Classroom Methods and Devices

Alberta Walker
1915 The Elementary school journal  
Dramatization, when used by teachers who realize its vital importance and its actual psychological basis, can be made to serve most of the subjects in the curriculum. There is a tendency to believe that dramatization can be made productive only when it deals with historical materials or purely imaginary situations. Why look always for ideals to the heroes of history, or to those created by imagination, when leaders who stand for big things in the present-day world may equally well be imitated
more » ... rough the medium of words and actions ? With this thought in mind a number of exercises were planned for intermediate-grade children, such as to lead them to visualize current events naturally and vividly and to put them into dramatic form. The class had been given no training of this kind. There had been no attempt toward enrichment in ideals, or toward the expression of the deeper feelings which are embodied in literature through dramatic reproduction. It seemed best, therefore, to begin by using recent world happenings which have a marked emphasis on the emotional side. Accordingly, the teacher chose for the first lesson the finding of Scott, the hero of the South Pole. The children were to place themselves on the spot at the time of the rescue and were to express the emotions aroused in the rescue party when they read the part of Scott's diary which told of hardships, disappointments, and love of humanity. To read the words of the diary even once, without a vivid personal appreciation of the wonderful meaning behind-them, would be to lose forever their deepest significance. For that reason the first expression was to be in writing. On the morning of the experiment the words at the end of Scott's diary were put on the board, and there arose a discussion as to the discovery of the South Pole, Amundsen's success, and Scott's vain efforts and death. When interest in the subject was at a high pitch the children were told to choose the 125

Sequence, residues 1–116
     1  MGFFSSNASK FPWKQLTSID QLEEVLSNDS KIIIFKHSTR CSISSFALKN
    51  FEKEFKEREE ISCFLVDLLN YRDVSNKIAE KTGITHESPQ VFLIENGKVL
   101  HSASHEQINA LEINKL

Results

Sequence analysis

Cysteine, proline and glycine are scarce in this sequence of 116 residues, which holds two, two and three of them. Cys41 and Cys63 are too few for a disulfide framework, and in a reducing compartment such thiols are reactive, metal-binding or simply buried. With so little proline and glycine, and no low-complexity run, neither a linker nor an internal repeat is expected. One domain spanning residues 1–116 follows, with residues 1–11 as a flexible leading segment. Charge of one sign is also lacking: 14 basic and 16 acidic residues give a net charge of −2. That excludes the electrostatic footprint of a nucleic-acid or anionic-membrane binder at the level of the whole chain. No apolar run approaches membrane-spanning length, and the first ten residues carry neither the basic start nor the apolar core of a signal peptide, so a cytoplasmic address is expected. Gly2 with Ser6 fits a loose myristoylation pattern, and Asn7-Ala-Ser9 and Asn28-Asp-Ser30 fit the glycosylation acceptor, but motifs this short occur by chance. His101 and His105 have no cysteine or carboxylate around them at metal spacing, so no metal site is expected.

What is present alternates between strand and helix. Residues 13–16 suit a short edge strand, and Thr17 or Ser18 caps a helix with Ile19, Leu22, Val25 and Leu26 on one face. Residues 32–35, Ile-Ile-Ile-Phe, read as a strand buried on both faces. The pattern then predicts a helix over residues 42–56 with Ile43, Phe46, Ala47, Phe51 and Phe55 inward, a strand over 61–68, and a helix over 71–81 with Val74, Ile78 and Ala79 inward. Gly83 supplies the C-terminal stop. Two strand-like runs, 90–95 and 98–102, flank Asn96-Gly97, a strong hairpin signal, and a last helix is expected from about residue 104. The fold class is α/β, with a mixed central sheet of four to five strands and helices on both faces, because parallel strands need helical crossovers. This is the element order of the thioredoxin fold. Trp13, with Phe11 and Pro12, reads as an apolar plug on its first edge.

doi:10.1086/454467 fatcat:d6r6vbprv5f2diqeatfb4xnwfm